miles away, the heroic efforts of plant operators under the leadership of
Naohiro Masuda saved a second plant, Fukushima Daini. Now Masuda faces the
daunting challenge of cleaning up Daiichi, where radioactive groundwater leaks
into the Pacific every day, and three melted cores remain steaming hot and
lethally unapproachable. Now, with unprecedented access, NOVA reveals the
little-known story of how Masuda and his team averted disaster at Daini and how
workers are struggling to clean up the mess at Daiichi. With billions of
dollars and the future of the nuclear energy industry on the line, can Japan ever
recover from disaster? The world is watching the fight for Fukushima.




The Bomb

Tues., July 28, 8:00 pm



This film tells the powerful story of the most destructive invention in human
history, outlining how America developed the nuclear bomb, how it changed the
world and how it continues to loom large in our lives. Through state-of-the-art
transfer techniques that have turned recently declassified images into vivid
footage, viewers witness the raw power and strangely compelling rare views of
above-ground nuclear tests. The documentary includes interviews with historians
Richard Rhodes, Martin Sherwin, Robert Norris, Sergei Khrushchev and others,
along with men and women who helped build the weapon piece by piece. Audiences
also hear from former Secretary of State George Shultz and Secretary of Defense
William Perry, who reveal how the bomb was viewed inside government circles, as
well as those who hold firsthand memories of seeing the first mushroom clouds
fill the skies.





Woodwright: The Musical

Sat., August 1, 2:00 pm



Using only the hand tools of the pre-industrial era, woodworker Roy Underhill and
his guests prove that there was life before electricity. Whether you think
muscle-powered tools are a thing of the past or a thing of the future, you’ll
reconnect with your own inner craftsperson.


Woodwright: The Musical
The Underhill Rose band joins Roy in the shop for a musical misadventure.



Sat., August 1, 2:30 pm



Roger follows up with a beekeeper regarding honey harvesting. Then, electrician
Scott Caron adds outlets to a homeowner’s house.



Charlestown Project 2014: Rowhouse Reimagined

Sat., August 1, 3:00 pm



After five months of work in Charlestown, the exterior is restored with a new
dormer, windows, shutters and front entry. Inside, Kevin finds systems integrator
Greg Smizer test-driving the new internet-based security system, wireless music
system and remote-controlled window shades with solar battery backup. Norm
joins Richard in the partially unfinished basement to see the mechanical room,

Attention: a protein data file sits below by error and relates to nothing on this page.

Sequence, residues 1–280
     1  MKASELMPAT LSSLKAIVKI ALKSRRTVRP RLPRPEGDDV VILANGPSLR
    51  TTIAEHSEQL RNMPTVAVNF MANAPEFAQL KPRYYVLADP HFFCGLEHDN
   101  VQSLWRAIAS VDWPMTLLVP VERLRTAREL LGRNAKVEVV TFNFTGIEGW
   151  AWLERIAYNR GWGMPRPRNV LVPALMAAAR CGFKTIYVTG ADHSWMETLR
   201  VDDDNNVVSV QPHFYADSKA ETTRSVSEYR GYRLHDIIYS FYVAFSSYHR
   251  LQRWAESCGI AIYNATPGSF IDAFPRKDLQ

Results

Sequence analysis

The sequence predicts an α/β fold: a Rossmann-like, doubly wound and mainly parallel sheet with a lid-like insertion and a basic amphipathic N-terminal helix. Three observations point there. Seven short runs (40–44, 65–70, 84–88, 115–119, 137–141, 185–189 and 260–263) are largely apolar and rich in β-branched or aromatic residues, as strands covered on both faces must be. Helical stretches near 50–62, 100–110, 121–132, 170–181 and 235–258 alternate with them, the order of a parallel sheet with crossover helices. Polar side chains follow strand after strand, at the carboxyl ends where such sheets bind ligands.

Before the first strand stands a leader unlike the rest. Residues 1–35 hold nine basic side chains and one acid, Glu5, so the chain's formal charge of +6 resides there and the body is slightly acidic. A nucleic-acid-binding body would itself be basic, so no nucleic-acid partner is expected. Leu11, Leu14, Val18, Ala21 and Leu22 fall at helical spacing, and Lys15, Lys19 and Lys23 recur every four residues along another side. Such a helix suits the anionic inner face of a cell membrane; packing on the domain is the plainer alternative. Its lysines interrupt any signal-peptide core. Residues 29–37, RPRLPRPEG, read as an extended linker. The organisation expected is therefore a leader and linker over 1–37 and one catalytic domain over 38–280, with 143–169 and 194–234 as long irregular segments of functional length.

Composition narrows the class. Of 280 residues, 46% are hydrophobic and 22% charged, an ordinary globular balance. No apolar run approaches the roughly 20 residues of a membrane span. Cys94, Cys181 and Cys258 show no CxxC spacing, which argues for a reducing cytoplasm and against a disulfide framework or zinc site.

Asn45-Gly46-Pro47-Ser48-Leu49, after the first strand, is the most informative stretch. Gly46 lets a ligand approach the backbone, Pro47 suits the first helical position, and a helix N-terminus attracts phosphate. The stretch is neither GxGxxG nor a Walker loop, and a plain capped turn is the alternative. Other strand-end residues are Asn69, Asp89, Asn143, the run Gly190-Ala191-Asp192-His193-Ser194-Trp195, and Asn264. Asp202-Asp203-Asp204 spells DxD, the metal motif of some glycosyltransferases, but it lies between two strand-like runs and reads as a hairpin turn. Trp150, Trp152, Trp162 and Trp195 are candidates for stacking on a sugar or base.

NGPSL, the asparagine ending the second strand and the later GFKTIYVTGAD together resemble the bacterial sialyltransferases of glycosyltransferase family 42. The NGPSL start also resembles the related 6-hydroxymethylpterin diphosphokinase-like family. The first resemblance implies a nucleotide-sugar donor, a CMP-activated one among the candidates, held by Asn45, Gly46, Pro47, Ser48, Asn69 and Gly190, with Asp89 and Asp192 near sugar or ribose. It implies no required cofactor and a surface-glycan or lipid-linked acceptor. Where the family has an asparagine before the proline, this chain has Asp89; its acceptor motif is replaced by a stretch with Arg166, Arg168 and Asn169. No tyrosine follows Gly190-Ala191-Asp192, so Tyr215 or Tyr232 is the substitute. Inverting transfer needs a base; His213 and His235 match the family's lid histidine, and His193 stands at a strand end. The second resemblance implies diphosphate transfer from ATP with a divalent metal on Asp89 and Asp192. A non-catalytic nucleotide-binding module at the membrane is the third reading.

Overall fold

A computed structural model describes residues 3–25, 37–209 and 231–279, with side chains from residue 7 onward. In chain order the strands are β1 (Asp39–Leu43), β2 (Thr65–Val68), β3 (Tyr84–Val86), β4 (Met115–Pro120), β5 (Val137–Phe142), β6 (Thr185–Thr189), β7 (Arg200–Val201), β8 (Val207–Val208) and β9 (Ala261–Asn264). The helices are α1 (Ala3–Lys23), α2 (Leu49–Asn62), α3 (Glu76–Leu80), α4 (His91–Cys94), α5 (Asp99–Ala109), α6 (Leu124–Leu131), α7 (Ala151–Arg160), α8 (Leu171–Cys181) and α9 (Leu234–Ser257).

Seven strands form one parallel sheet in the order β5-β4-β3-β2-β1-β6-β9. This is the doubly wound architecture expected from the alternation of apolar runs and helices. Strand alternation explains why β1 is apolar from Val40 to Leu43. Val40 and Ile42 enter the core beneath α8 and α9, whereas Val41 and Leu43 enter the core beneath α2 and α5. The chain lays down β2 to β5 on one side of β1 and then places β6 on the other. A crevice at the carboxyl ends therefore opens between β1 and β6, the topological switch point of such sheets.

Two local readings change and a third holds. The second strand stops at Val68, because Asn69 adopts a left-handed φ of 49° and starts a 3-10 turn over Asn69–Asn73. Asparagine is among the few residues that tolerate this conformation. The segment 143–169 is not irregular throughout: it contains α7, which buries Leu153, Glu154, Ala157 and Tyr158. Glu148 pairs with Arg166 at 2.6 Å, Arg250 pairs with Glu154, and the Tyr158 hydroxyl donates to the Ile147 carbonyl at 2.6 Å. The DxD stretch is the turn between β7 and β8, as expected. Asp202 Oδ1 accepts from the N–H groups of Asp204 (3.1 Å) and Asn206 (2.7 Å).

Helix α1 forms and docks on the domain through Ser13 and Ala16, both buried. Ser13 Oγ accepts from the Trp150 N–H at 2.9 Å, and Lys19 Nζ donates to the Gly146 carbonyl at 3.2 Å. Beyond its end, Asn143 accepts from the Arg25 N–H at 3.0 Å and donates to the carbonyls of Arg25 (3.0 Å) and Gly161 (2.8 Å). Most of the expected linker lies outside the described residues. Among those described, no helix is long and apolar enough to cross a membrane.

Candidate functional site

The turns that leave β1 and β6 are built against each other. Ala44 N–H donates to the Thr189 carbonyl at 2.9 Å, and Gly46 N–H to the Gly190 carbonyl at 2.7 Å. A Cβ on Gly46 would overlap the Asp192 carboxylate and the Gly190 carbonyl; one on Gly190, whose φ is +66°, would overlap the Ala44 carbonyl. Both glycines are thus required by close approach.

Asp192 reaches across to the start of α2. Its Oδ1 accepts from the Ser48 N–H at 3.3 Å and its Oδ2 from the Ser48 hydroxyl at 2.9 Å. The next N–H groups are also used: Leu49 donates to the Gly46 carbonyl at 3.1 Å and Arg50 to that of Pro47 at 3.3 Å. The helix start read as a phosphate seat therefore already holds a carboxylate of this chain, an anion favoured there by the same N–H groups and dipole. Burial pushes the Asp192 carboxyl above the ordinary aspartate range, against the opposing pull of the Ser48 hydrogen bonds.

where the systems integrate to provide comfort for the whole house.




Sat., August 1, 4:00 pm



There are infinite ways to prepare grains, and in this episode Martha shows
three of her favorites. First, she cooks a mushroom barley soup that’s based on
her mother’s recipe. Next, she makes couscous royale, a great way to
showcase a versatile grain. She finishes up with grits with broiled tomatoes,
featuring bubbly cheddar cheese and crispy bacon.



A Meal to Celebrate Fall

Sat., August 1, 4:30 pm



Test cook Bridget Lancaster shows host Christopher Kimball how to make slow-roasted
bone-in pork rib roast. Test cook Dan Souza uncovers the secrets to making the
roasted butternut squash with browned butter and hazelnuts.



Dinner at 8

Sat., August 1, 5:00 pm



Chef Sara Moulton returns with a fourth season of SARA’S WEEKNIGHT MEALS, featuring
simple but delicious recipes for flavorful, healthy, home-cooked meals with
minimal fuss. In addition, guest chefs from around the globe prepare their
favorite dishes in Sara’s home kitchen before taking her on a culinary
expedition to their favorite local farms, ethnic enclaves and other secret food


Dinner at 8
Entertaining is easy with Sara’s elegant but super simple recipes, even if your
only guests are your immediate family on a weeknight. Try her duck with gingered
grape sauce and a Japanese beef fondue.



Mexico: It’s (A) Wine Country

Sat., August 1, 5:30 pm



Chef Rick Bayless returns with the 10th season of his cooking and travel
show, and this time he’s taking viewers all over the Federal District capital
of Mexico’s sixteen boroughs to explore the vibrant restaurant scene, evolving
cuisine and ancient culture that make this amazing city so irresistible.


Mexico: It’s (A) Wine Country
Rick’s got nothing against cerveza and margaritas, but in this episode he
explores another side of Mexican beverages: wine. The burgeoning craft of
Mexican winemaking is growing, often in unusual places. Marvin Nahmias and
partners have transformed a high-rise rooftop in Mexico City into a small vineyard
and winemaking facility. After they give Rick a tour, they give him the keys to
the kitchen, where the winery’s brick ovens and grills speak to Rick’s inner
pit master. So at the San Juan Market, Rick selects cabrito to cook over
hardwood, tender chayote to roast in the wood oven for tacos and
eggplant to char into a salsa.